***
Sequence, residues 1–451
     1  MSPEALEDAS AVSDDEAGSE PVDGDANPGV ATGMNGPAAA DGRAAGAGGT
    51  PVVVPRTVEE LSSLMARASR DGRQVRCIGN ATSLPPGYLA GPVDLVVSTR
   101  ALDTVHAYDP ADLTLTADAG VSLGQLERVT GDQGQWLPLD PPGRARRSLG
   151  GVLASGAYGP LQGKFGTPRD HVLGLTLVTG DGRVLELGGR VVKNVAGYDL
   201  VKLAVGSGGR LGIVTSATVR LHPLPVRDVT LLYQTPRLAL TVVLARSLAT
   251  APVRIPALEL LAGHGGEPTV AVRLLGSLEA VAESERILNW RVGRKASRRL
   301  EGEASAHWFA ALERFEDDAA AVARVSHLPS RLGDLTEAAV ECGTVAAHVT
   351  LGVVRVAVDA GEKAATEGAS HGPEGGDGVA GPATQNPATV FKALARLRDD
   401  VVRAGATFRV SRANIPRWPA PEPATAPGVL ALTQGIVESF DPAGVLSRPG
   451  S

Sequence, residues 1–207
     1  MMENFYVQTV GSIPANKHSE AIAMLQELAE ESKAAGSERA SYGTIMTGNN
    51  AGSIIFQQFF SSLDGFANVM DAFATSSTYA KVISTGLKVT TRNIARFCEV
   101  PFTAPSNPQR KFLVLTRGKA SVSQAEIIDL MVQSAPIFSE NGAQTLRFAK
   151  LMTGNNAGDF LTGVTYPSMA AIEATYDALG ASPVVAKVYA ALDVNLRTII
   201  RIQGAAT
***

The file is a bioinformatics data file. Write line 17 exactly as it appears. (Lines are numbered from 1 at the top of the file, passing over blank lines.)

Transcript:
   201  RIQGAAT